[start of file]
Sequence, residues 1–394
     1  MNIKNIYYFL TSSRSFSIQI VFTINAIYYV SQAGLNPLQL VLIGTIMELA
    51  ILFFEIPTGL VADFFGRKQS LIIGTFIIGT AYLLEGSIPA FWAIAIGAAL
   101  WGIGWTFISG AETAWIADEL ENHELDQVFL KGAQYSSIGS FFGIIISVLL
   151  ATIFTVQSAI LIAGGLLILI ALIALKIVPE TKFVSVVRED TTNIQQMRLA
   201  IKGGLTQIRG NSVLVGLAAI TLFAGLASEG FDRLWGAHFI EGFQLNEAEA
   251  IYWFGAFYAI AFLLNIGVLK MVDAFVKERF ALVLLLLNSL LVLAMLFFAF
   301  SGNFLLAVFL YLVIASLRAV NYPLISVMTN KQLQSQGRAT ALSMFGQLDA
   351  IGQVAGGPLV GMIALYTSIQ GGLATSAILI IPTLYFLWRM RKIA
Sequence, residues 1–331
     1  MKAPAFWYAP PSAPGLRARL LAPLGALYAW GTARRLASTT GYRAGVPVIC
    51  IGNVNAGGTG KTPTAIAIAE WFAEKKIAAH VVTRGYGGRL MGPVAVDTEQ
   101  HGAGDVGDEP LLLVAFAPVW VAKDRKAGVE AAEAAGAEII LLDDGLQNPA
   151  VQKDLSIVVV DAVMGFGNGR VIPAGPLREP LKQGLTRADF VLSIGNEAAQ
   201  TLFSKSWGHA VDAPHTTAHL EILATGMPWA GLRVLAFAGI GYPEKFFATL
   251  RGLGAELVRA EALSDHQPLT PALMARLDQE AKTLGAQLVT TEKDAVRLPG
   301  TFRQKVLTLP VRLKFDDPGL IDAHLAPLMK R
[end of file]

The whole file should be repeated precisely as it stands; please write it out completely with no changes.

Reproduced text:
Sequence, residues 1–394
     1  MNIKNIYYFL TSSRSFSIQI VFTINAIYYV SQAGLNPLQL VLIGTIMELA
    51  ILFFEIPTGL VADFFGRKQS LIIGTFIIGT AYLLEGSIPA FWAIAIGAAL
   101  WGIGWTFISG AETAWIADEL ENHELDQVFL KGAQYSSIGS FFGIIISVLL
   151  ATIFTVQSAI LIAGGLLILI ALIALKIVPE TKFVSVVRED TTNIQQMRLA
   201  IKGGLTQIRG NSVLVGLAAI TLFAGLASEG FDRLWGAHFI EGFQLNEAEA
   251  IYWFGAFYAI AFLLNIGVLK MVDAFVKERF ALVLLLLNSL LVLAMLFFAF
   301  SGNFLLAVFL YLVIASLRAV NYPLISVMTN KQLQSQGRAT ALSMFGQLDA
   351  IGQVAGGPLV GMIALYTSIQ GGLATSAILI IPTLYFLWRM RKIA
Sequence, residues 1–331
     1  MKAPAFWYAP PSAPGLRARL LAPLGALYAW GTARRLASTT GYRAGVPVIC
    51  IGNVNAGGTG KTPTAIAIAE WFAEKKIAAH VVTRGYGGRL MGPVAVDTEQ
   101  HGAGDVGDEP LLLVAFAPVW VAKDRKAGVE AAEAAGAEII LLDDGLQNPA
   151  VQKDLSIVVV DAVMGFGNGR VIPAGPLREP LKQGLTRADF VLSIGNEAAQ
   201  TLFSKSWGHA VDAPHTTAHL EILATGMPWA GLRVLAFAGI GYPEKFFATL
   251  RGLGAELVRA EALSDHQPLT PALMARLDQE AKTLGAQLVT TEKDAVRLPG
   301  TFRQKVLTLP VRLKFDDPGL IDAHLAPLMK R